Titov’s involvement with religion, as well as his practice of experimental art, attracted the attention of the Soviet government, which labeled him a dissident. The Soviet crackdown on “free experimentation” in the arts is chronicled here by a friend of Shaw’s who worked in the U.S.S.R. for the U.S. State Department.

Yuri Titov and his family were often imprisoned in so-called psychiatric clinics, as shown in this drawing by Titov, in which he depicts his imprisonment.

In 1972, the KGB advised Titov and his family to leave the country, but much of Titov’s art was destroyed as they passed through customs. Titov settled in Paris, and at the present day, he continues to produce art. Read more about Yuri Titov here.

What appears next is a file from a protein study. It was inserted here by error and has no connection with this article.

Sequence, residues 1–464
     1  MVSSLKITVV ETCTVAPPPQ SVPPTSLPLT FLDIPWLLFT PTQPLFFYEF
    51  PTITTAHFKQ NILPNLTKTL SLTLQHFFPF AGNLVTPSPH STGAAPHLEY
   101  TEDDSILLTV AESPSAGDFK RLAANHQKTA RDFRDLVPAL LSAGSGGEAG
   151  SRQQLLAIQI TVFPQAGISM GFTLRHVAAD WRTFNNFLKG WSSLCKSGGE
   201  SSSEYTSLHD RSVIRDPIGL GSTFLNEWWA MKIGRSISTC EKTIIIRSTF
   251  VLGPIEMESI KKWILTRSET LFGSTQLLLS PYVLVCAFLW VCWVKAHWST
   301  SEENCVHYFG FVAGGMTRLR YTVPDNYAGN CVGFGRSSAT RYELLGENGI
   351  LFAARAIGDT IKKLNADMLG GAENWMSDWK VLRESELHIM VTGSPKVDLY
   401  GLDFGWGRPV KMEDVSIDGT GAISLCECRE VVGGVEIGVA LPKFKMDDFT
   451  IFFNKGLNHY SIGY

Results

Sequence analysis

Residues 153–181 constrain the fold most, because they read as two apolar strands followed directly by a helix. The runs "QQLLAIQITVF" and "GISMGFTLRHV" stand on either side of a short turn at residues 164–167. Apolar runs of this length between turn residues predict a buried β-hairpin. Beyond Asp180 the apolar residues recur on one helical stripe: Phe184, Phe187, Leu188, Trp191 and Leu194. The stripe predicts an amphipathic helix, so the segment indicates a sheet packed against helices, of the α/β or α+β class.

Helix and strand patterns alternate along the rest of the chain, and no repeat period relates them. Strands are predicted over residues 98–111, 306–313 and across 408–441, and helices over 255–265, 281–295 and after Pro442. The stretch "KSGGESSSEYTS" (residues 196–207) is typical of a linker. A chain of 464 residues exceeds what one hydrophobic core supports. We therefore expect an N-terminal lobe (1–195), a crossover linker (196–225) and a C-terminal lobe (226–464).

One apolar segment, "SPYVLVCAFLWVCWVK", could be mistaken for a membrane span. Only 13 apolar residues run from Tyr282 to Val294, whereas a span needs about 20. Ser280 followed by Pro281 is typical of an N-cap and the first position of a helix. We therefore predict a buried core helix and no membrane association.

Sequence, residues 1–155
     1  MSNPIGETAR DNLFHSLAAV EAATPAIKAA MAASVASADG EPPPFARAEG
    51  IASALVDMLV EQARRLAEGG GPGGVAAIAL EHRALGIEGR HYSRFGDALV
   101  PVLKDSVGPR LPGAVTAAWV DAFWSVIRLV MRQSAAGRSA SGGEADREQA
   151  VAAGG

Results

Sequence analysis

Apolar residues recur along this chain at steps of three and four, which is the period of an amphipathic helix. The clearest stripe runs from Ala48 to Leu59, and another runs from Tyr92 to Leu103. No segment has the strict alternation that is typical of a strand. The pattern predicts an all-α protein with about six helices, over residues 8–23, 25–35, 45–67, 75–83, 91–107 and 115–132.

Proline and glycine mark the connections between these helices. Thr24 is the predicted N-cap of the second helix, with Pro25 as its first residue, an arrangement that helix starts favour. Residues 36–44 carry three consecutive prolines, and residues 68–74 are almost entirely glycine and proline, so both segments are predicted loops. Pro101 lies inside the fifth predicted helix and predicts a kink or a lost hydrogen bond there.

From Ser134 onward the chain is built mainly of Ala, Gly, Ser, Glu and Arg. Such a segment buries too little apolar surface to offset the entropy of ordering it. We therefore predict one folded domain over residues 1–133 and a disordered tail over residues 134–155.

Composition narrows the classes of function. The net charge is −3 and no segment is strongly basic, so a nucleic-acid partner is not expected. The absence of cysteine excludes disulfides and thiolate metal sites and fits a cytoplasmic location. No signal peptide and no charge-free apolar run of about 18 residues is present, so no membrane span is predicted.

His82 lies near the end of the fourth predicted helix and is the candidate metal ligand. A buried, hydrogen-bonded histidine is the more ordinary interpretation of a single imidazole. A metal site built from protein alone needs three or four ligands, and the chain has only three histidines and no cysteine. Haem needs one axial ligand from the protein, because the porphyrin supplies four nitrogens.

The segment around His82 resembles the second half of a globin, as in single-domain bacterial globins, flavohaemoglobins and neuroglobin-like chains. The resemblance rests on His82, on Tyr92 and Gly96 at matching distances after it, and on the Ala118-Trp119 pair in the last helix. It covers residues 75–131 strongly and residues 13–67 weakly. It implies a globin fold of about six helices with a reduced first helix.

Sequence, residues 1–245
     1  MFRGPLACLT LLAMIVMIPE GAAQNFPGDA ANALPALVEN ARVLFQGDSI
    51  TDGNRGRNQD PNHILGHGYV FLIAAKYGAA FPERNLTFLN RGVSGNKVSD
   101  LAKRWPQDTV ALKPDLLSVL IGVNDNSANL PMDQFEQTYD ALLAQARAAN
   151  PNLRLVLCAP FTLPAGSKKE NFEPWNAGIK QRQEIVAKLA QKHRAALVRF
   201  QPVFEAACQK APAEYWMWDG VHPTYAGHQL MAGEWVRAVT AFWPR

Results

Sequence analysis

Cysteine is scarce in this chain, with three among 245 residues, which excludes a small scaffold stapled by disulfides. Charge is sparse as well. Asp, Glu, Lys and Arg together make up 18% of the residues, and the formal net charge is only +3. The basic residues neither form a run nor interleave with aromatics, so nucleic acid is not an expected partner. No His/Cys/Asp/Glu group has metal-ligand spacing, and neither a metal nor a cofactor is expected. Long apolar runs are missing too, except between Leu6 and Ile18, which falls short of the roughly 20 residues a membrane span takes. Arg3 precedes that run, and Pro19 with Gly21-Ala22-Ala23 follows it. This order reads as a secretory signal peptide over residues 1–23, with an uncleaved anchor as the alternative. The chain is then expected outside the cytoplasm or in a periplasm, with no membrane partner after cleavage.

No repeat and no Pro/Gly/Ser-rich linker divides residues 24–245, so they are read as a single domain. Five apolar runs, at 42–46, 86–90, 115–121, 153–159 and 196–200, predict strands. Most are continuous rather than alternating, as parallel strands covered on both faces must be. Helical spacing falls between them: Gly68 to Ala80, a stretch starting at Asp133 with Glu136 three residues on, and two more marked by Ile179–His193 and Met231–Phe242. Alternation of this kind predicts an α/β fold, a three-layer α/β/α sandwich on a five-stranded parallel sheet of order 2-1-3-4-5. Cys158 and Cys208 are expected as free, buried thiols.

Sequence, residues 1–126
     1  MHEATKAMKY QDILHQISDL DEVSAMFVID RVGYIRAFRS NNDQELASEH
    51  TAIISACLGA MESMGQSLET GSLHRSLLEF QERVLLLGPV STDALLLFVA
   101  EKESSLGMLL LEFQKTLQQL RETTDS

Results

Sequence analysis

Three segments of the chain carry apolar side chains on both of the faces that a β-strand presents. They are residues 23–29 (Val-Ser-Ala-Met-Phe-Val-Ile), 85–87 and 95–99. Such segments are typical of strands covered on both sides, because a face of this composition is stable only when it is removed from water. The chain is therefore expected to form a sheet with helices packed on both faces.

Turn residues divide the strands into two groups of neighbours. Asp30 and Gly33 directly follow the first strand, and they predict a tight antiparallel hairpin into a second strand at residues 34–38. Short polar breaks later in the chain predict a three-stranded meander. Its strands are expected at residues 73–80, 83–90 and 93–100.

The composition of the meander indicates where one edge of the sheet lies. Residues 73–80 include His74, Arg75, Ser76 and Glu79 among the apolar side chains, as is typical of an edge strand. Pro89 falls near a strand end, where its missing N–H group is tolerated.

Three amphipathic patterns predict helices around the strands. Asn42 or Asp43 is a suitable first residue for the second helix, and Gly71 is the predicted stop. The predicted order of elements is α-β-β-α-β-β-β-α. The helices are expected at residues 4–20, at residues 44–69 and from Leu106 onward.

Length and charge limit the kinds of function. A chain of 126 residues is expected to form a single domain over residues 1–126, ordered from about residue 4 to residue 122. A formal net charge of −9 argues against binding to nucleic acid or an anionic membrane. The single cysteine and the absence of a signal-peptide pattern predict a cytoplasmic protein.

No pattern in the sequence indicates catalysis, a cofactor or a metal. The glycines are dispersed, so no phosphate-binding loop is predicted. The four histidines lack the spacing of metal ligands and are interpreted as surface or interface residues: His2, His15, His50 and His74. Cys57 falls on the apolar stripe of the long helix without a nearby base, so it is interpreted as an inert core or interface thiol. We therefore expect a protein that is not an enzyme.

-Elizabeth Pinborough and Emily Ferrigno

“Encountering the Other” in the Yale Daily News

November 5, 2010

 “Size Doesn’t Matter in Music Library Exhibit” by Chantel Simpson

Henry Gilbert, composer of American music

November 2, 2010

Henry Gilbert (1868-1928) believed that American composers needed to break free of “European ideas of beauty,” in order to create music that reflected an American national character. Gilbert was well known for incorporating African-American and Native American music into his work.

In 1893, Gilbert attended the Chicago World’s Fair, finding employment as a bread-and-pie cutter in a restaurant. He was fascinated by the cultural displays at the Fair, and took down hundreds of folk songs that he heard there. Below is his sketchbook, as well as the first page of an essay he wrote about his experience:

Henry Gilbert

A rattle that Gilbert fashioned himself, for use in his Comedy Overture on Negro Themes:

Edward Curtis (1868-1952), a well-known photographer of Native American peoples, hired Gilbert to transcribe Indian melodies that Curtis had recorded onto phonographic cylinders. Gilbert composed music based on these melodies for Curtis’s “picture-opera,” A Vanishing Race, which Curtis presented throughout the United States in 1911 and 1912.